Only one woman I talked to said she would have been physically capable of returning to work two weeks after giving birth, mainly because her job “isn’t physically taxing.” But she added that even though she felt she could have, she wouldn’t have wanted to return to work that quickly: “Emotionally, of course, I was a wreck.”
Every woman I spoke with mentioned having at least one friend who was under serious financial pressure to return to work before she was ready to do so.
The United States is the only industrialized nation without some form of paid maternity leave. Compelling women, especially and primarily those who lack the resources to resist, to return to paid labor within weeks of the most profound physical experience of their lives is an appalling measure of our contempt for women in general and for poor women in particular. It is barbaric to expect any woman to return to work within weeks of birthing a child, and women who lack the money to refuse are far more often coerced into doing just that.
“When I read that one in four women return to work within two weeks of giving birth, I felt sick,” Leah, the mother of a two-year-old boy, told me. “I would never have been able to do that. ...Walking was still difficult, I was bleeding a lot most evenings and I was very tired. But more than that, my emotional state would never have let me … I suffered from postpartum anxiety and spent the first two months after my son’s birth in a constant state of worry and panic.”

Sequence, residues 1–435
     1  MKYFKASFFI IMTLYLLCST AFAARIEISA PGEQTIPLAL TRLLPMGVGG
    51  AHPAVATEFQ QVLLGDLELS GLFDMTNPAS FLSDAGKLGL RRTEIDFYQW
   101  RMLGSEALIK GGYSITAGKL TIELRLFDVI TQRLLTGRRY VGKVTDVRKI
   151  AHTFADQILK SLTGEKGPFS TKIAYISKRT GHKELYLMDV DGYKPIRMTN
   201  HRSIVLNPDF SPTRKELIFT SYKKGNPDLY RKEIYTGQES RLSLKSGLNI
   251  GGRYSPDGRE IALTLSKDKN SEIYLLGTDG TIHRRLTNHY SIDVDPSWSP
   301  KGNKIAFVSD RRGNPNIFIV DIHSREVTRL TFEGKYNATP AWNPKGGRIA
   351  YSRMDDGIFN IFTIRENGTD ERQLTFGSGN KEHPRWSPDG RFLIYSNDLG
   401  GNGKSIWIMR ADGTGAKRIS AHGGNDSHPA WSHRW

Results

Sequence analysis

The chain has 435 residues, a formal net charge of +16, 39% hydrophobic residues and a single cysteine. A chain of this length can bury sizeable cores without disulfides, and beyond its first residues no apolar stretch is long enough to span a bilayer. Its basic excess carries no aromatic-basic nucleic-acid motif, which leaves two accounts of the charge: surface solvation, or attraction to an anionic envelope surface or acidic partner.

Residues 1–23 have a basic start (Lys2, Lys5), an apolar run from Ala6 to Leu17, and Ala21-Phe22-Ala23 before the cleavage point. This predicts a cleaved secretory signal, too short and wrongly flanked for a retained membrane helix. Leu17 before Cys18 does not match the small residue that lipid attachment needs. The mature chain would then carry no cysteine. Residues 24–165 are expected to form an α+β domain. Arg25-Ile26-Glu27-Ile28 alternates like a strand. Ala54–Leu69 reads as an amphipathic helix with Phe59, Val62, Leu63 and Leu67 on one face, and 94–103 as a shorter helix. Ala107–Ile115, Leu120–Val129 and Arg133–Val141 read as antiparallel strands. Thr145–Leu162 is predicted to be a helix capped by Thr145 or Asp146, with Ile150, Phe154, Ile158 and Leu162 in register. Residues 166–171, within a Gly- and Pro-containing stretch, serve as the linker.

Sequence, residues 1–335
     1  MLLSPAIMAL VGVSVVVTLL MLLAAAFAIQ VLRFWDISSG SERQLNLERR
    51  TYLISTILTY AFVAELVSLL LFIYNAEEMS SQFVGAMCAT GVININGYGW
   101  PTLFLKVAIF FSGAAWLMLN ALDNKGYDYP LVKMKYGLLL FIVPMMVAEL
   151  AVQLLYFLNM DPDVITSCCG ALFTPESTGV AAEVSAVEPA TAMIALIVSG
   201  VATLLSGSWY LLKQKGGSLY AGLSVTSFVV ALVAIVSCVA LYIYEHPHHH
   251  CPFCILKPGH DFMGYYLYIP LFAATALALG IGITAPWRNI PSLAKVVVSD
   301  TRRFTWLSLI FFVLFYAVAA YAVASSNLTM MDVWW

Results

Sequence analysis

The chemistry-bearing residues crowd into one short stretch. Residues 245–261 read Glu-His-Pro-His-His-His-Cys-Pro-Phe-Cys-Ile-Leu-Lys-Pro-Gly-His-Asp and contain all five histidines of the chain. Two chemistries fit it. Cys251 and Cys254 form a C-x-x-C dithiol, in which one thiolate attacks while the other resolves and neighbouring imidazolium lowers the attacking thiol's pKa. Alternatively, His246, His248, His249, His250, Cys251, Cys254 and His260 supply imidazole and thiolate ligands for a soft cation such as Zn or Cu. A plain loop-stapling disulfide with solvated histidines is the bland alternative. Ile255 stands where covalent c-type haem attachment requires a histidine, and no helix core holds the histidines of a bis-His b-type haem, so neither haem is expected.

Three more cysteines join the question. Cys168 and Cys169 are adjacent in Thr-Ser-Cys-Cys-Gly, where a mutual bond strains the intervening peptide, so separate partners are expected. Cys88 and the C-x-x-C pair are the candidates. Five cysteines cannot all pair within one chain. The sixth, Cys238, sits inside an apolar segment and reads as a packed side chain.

Many new mothers in the U.S. of course want and intend to return to full-time paid work, mainly because their families rely on their income. Some want to go back because they enjoy their work and find it rewarding. Leah, the mother of the 2-year-old, is a senior associate at a large law firm. In order to take the four months she needed to recover after giving birth, she cobbled together disability leave, paid maternity leave, and two weeks of vacation. She could have taken up to six months off if she could have afforded unpaid leave, but her family, like most US families, needed her income. She appreciates the fact that her employer “literally never bothered [her] once for the whole four months,” and allowed her to work a reduced schedule for the first year of her baby’s life.
In the United States, such policies sound unusually generous and humane. But women and their families need this to be standard practice. As Leah explained, returning to work on a part-time basis four months after giving birth “was a huge step in my postpartum mental health issues lifting … re-engaging in my job pulled me to a much better place mentally.”
Pregnancy and childbirth are a normal if physically demanding part of most women’s lives. Having a baby is not the same as having a disability or a disease, and childbirth and the recovery period it requires should be treated as a life stage, not a professional obstacle.
One year after returning part-time, Leah resumed full-time work. “I love being a working mom and I am happy in my career and in my motherhood,” she said. “That was only possible because I was able to come back when I was ready, not when I was forced to.”